China and Europe stand out on world map of atheism

Faith is in retreat, atheism is on the march. But only in China does a majority positively state they don’t believe in God.

The most atheistic country in the world? China. The most 'non-religious'? Azerbaijan.
There are surprising levels of atheism and 'non-religiosity' in countries where you'd least expect it

Never mind whether you regularly visit a place of worship: do you consider yourself a religious person? Yes, said 62% of 60,000 people across 68 countries polled by WIN/Gallup for a survey published in 2017. Back in 2005, the score for that answer was 77%.

Minus 15 percentage points in just 12 years – that’s a fairly steep decline. Does that mean that atheism is gaining ground worldwide? Yes, but not by as much as these figures seem to suggest, for three reasons.

Firstly, because there’s a large and growing middle between those who positively believe in God and those who positively don’t. In 2005, just 5% of those surveyed in 2005 considered themselves 'convinced atheists' – the remaining 18% were non-religious or 'don’t knows'. In 2017, the fish-nor-fowl brigade had grown to 30%. ‘Convinced atheists’ had increased as well, but only to 9%.

Secondly, because our beliefs are not necessarily coherent. People may believe in aspects of religion even if they don’t consider themselves religious (and vice versa). As other results from the survey show, a higher percentage than those who say they’re religious believe in a soul (74%) and God (71%). Inversely, a lower percentage believe in things that many theologians would say are essential to religion, such as heaven (56%), hell (49%) and life after death (54%).

And thirdly, the battle between God and his Absence for a share of mankind’s mental space is not just a linear retreat of divinity before materialism. A 2012 WIN/Gallup poll showed a lower share of religiosity (59%) and a higher share of atheism (13%) than the more recent one.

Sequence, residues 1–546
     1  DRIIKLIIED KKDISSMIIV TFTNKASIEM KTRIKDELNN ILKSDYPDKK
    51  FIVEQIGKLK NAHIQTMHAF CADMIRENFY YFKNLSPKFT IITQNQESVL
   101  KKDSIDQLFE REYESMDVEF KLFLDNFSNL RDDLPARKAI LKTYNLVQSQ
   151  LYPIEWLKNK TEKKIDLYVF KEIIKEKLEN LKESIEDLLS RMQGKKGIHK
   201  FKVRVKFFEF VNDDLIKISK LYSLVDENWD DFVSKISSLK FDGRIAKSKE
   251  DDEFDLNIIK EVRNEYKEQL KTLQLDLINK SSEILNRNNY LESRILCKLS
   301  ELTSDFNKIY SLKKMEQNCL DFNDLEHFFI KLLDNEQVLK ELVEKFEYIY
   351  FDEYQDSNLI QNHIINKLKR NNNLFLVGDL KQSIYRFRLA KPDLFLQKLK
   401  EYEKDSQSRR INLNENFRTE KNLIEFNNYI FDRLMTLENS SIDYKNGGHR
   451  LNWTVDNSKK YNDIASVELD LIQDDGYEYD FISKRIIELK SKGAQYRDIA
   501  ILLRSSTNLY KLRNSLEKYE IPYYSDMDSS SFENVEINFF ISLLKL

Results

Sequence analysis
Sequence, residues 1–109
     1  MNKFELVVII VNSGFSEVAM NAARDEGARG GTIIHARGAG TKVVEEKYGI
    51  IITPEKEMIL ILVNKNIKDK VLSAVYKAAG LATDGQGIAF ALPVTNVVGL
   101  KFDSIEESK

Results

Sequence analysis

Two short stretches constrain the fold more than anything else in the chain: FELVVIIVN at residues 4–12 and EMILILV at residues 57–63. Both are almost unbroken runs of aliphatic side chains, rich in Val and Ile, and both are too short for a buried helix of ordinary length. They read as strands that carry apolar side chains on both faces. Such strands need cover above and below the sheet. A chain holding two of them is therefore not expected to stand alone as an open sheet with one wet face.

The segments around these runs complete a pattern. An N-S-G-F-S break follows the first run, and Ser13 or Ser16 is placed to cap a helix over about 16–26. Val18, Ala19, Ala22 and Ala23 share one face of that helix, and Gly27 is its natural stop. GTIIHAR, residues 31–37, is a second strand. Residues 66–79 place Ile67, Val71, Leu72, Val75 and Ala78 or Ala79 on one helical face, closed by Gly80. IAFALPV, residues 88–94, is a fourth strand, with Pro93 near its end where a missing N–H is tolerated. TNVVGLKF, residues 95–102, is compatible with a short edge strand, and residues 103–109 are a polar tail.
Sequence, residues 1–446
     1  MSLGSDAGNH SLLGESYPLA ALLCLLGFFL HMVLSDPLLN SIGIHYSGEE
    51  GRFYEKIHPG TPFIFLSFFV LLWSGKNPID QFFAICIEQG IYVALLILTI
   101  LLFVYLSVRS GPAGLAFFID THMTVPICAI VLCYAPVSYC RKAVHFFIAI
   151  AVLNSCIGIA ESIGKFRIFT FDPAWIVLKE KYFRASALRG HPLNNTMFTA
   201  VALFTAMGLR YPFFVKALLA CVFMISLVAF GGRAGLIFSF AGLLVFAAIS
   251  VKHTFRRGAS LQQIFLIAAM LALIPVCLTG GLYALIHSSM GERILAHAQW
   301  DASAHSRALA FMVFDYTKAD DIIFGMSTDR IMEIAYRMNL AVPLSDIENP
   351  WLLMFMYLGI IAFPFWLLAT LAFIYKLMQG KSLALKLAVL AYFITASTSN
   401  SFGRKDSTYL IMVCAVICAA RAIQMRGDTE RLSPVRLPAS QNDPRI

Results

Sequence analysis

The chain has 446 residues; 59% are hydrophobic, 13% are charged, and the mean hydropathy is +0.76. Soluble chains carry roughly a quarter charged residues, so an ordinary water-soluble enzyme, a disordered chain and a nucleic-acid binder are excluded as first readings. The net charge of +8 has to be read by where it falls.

While most of us consider our beliefs (or lack thereof) a highly personal matter, what the successive WIN/Gallup polls also clearly show is that a number of external factors predict whether or not we believe in a Supreme Being.

Age, income and education level play a role. Beliefs diminish as people earn more and/or have received a higher education. Curiously, they also fade as people get older: the most recent survey compares 18-24-year-olds to over-65s, and consistently finds gaps in the belief in God (74% vs. 67%), life after death (60% vs. 45%), the soul (78% vs. 68%), hell (57% vs. 35%) and heaven (64% vs. 46%).

As these maps of atheism around the world show, geography also is a factor. For cultural, social and/or political reasons, some countries have a much higher degree of atheism. Europe is a regional hotbed, but even here, direct neighbours may be at great variance.

The most godless country in the world, however, is China. According to the survey, fully 67% of respondents in China considered themselves 'convinced atheists' – more than double the percentage in the world’s second-most atheistic country, Japan (29%). South Korea, at #5 in the ranking (with 23%) is another East Asian centre of atheism; but 18 of the other 20 leading countries are in Europe.

Slovenia (28%) leads the European league table, followed by the Czech Republic (25%), France and Belgium (both 21%). Then there’s Sweden (18%), Iceland (17%), Spain (16%), Germany and Denmark (both 14%) and the UK (11%). Norway, Austria and Estonia all have 10% committed atheists, while Latvia, Ireland, Portugal and Albania are at 9%. Italy, home of the Catholic Church, has 8%.

The only non-European countries this high up in the list are Australia (13%) and Canada (10%). At the same time, Europe is home to some of the least atheistic countries in the world (or at least in this survey): Bosnia, Macedonia and Poland only have 1% atheists, Bulgaria and Romania just 3%.